2013 Mission to Mexico

Dr. Q returns to his roots and gives back.

Dr. Quinones, Dr.Jallo and Dr. Michael Lawton from the University of Califormia led a dedicated and world-renowned team of doctors and surgeons to Guadalajara, Mexico.

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We have grown enormously with caring for many more patients and exchanging knowledge with our colleagues in Mexico. I am so blessed to be part of this wonderful experience and to give back to those who so desperately need our help. When you believe in something so special and wonderful, nothing can stop you… I only wish I could do this work around the world and I only hope I had all the resources to be able to do it.
– Dr. Q

Dr. Q & Team in GuadalaJara

2013 Mission to Mexico

In 2013, Dr. Quinones and Dr. Michael Lawton from the University of Califormia (UCSF) led a dedicated and world-renowned team of doctors and surgeons including Drs. George Jallo and Kaisorn Chaichana (Johns Hopkins Hospital) and Dr. Rodrigo Ramos (The University of Guadalajara) to Guadalajara, Mexico as the third annual “Community Neurosurgery” project to serve the underprivileged population there.

This altruistic endeavor took place at the Hospital Civil Fray A. Alcalde in the city of Guadalajara, México and was supported in part by John Hopkins International. The program was also endorsed by the University of Guadalajara. The physicians were welcomed with open arms and, over the course of two days, they were able to perform five complex surgeries (all free of charge), including diagnostic assessment, clinical and academic discussions, and surgical treatment and follow-up in the selected hospital, thanks to the generous contributions of sponsors, including Medwish, Integra and Stryker. They took with them many supplies for use in surgery, with the remaining items being donated to the hospital.

The first pediatric surgery was on a 3-year-old boy who had almost constant, uncontrollable seizures. Our team performed a functional hemispherectomy. In essence, half of the patient’s brain that was constantly seizing was removed to control the seizures and improve the patient’s quality of life. The second pediatric surgery case was on a 1-year-old infant from an indigenous tribe in Mexico. He had a fatty tumor on his back that also resulted in tethering of his spinal cord and subsequent delays on his ability to move his legs. Dr.Jallo corrected his spinal cord and removed the tumor on his back.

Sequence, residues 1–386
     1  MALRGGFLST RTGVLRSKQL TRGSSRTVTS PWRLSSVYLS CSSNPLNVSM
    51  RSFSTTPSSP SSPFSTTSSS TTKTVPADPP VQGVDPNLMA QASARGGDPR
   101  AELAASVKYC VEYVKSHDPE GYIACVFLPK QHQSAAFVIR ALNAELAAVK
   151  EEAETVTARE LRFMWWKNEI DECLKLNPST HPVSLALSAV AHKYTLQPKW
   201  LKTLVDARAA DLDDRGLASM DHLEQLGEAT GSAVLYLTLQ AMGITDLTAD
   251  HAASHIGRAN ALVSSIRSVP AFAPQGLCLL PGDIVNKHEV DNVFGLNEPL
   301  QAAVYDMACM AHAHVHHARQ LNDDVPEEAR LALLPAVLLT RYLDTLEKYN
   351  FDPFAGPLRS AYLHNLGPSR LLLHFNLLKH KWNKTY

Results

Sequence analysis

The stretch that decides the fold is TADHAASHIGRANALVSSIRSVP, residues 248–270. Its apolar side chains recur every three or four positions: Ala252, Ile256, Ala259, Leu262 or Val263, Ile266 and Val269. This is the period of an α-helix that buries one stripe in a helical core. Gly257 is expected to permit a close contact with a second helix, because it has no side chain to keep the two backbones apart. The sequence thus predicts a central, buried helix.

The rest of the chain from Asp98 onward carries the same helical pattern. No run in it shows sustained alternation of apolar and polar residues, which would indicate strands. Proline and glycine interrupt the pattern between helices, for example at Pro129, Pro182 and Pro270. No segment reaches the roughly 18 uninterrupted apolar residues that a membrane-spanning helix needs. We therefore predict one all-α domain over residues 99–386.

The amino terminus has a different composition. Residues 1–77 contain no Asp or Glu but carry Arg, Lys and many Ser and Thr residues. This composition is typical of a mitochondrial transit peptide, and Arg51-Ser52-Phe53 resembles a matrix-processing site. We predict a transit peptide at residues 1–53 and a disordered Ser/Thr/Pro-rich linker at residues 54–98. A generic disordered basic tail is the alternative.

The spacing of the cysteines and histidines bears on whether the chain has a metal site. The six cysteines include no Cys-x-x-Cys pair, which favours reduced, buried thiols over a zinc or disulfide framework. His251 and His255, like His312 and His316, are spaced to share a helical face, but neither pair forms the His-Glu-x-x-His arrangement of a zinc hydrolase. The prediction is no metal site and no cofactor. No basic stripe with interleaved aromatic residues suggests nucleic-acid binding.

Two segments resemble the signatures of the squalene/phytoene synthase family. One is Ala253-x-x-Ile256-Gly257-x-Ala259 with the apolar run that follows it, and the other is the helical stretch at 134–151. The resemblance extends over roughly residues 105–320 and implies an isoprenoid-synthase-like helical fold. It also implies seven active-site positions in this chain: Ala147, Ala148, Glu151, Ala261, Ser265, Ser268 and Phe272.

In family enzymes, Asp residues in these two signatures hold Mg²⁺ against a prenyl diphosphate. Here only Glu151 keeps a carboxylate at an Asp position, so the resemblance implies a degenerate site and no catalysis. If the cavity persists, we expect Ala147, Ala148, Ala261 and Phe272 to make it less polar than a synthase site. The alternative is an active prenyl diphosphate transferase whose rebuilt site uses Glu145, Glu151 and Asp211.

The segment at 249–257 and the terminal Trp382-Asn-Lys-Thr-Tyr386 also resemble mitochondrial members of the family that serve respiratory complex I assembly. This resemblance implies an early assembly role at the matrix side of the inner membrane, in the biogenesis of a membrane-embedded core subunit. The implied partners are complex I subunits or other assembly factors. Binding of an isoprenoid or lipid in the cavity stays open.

The surgeons also performed three complex surgeries on adult patients. In the first surgery the surgeons operated on a very large skull base tumor on a 74-year-old patient in a very complicated surgery. In the second surgery, they repaired a right giant internal carotid artery terminus aneurysm in a 64-year-old patient and performed a 12 hour surgery to accomplish a bypass of the blood vessels and the aneurysm. An aneurysm is a widening or swelling of a blood vessel caused by a weakening of the blood vessel wall. Aneurysms are extremely dangerous because a ruptured aneurysm can lead to brain damage or death. In the third surgery, they resected a peri-sylvian arterio-venous malformation (AMV) in the dominant side of the brain in a 55-year-old patient. Anterio-venous malformations are a tangle of blood vessels in the brain. These blood vessels can burst and potentially cause significant brain damage.

They are pleased to announce that they will be returning in the summer of 2014, and plans are in full swing to return with an even bigger team and more supplies to donate, courtesy of Johns Hopkins’ organization SHARE, Medwish, and numerous medical equipment manufacturers and suppliers. The goal is to make an even bigger difference in the lives and longevity of these patients this year.